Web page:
Wednesday, February 29, 2012

Planned Grandparenthood

As I do from time to time for a good laugh, I recently purchased the February issue of Prevention magazine, one of the rare issues without Michelle Obama on the cover. Intrigued by how I could lose up to eight pounds in three days, and definitely interested in how to make myself heart-attack proof, what sealed the deal was the cover line, "Sexier at Every Age." Hey, who doesn't need help in that department, I asked myself. Once home, the groceries put away, I turned to the article, hoping I could accomplish whatever I needed to by the time my husband got home from work. "A sparkling sex life is something we'd all like to have, regardless of age," it began promisingly. The author went on to describe the advantages and the challenges of "having a sex life that soars" in your 20s, 30s, 40s, 50s.....the end. WTF?

I am in my 60s, so I guess those bratty Prevention editors assume I'm either dead or on life support. But hey--cut me, do I not bleed? I'm still here. How rude--not to mention disheartening. I was wondering how to break the bad news to my husband, until  this morning when I read that the Senate is about to vote on contraception. Huh? Apparently, Democrats argue that access to contraception is a basic right! As such, the current administration seeks to include coverage of contraception as part of all health insurance plans. Well, why stop there, I wondered; what about us aging baby boomers? What are we, chopped liver all of a sudden? In fairness to all, I think the government should insist that health insurance companies also cover the following necessary expenses:
1. Unlimited tubes of K-Y jelly
2. A reasonable number of scented candles per household per month
3. Wine, whiskey, port, or whatever it takes, in whatever quantities
3. Satin sheets, one set per household per annum
4. "Al Green: The Love Songs Collection" boxed set (Available for $13.99 plus S & H)
5. Medical marijuana brownies (Sugar-free and gluten-free when applicable)
6. DVDs of "Last Tango in Paris" and "Unfaithful"
7. Blindfolds

Should the insurance companies balk, they need only be reminded that us geezers no longer require contraception or abortions. Think of the savings.

Tuesday, February 28, 2012

Blogging Happy

I have been accused of being too negative. My subject matter is at times too dark. I complain about too many things. So today I will write only about the things that make me happy. The list follows:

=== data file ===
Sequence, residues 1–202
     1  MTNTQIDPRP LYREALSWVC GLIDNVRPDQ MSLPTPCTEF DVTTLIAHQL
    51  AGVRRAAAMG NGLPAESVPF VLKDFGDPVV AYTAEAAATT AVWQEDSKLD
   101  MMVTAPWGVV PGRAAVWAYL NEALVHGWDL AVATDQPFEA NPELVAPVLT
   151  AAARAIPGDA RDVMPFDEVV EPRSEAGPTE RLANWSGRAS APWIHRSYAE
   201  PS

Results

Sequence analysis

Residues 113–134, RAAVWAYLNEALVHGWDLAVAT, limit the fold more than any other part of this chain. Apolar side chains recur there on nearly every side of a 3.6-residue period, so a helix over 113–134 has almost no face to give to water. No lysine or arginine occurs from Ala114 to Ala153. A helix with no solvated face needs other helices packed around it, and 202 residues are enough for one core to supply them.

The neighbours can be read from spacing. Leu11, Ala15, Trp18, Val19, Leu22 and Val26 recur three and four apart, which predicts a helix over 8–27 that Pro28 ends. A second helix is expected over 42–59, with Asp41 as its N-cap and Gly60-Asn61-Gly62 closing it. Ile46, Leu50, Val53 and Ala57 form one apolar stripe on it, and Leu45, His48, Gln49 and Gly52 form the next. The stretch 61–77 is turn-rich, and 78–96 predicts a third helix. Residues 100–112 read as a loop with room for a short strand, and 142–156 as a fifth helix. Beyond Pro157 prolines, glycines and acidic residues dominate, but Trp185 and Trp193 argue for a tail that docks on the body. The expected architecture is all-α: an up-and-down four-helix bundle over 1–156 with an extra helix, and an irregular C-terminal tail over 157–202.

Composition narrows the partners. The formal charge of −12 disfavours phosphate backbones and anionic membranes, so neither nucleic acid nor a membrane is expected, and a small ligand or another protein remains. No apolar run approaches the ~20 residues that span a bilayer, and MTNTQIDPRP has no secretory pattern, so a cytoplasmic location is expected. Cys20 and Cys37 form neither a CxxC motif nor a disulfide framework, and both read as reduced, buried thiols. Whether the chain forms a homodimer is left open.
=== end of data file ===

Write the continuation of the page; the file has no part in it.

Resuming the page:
1. There is a grocery store about three miles from my house called Bow Street Market. They sell an item called a Blondie that is the best thing I have ever tasted--in fact, I could go for one right now. It's a white cake brownie with butterscotch and chocolate chips baked right in, and a graham-cracker crusty bottom, and some squiggly lines of hard chocolate on the top. I love them. They come individually wrapped in a neat little plastic bag tied with a ribbon. (A nice presentation never hurts.)
2. A steaming mug of hot, black coffee first thing in the morning makes me feel good immediately, which is why days on which I have surgery or lab tests scheduled in the morning are such a drag.

That's pretty much it. Perhaps now you understand why so much of my writing is about all the rest.

Monday, February 27, 2012

Occupy Hollywood

Some things are so over, it's not funny. One of them is the televised presentation of the Oscars, where ridiculously rich and surgically enhanced movies stars strive to out-dress and outshine one another publicly while the lowly peasants ogle and applaud their antics from the sidelines. It is perhaps the most stunning display of the worst characteristics of human beings to be seen anywhere.

To be honest, I actually did have it on in the next room last night, and saw things as I walked in and out that horrified me. Billy Crystal, the once-funny comic, is now at age 63 a ghoulish caricature of his former self, with a bizarre clown face stretched so taut it might just burst if he smiles too hard. Plus, he looks sort of like my Grandma. I also saw Angelina Jolie, an actress who might be beautiful and sexy on Mars, baring her anorexic arms and sticking out one anorexic leg from a slit in her dress to supposedly get everyone watching all excited. But the moment that caused me to shout "Yikes!" was when everyone's favorite Latino, Jennifer Lopez, in a flesh-toned, glittery mermaid dress, shared the limelight with her very own nipple.

Turning off the TV, I reviewed what I had learned: That despite their fame and riches, the Hollywood elite are a pack of superficial dimwits, for the most part lacking the happiness, inner peace, self-knowledge and acceptance of death we all hope to find. I'll never understand why we, as a society, pay them all so much money just to pretend, while our nurses and teachers and waiters and trash collectors and construction workers earn so much less while doing so much more to enhance our lives. That should stop, and as soon as possible.

Sunday, February 26, 2012

Not About the Oscars

Weekends always make me slightly uncomfortable, in that I feel like I'm never having a good enough time. It's that whole "TGIF" thing. Even when I had a regulation office job, of which there are too many to recount, I was never all that happy it was Friday--not that I actively disliked Fridays, but I did like my work. And the implication that we were all just miserable working stiffs who had to go out and get drunk on Friday nights to compensate for the "daily grind" spent punching a clock at some vapid desk job rubbed me the wrong way. I aim to enjoy every day, not just two days a week.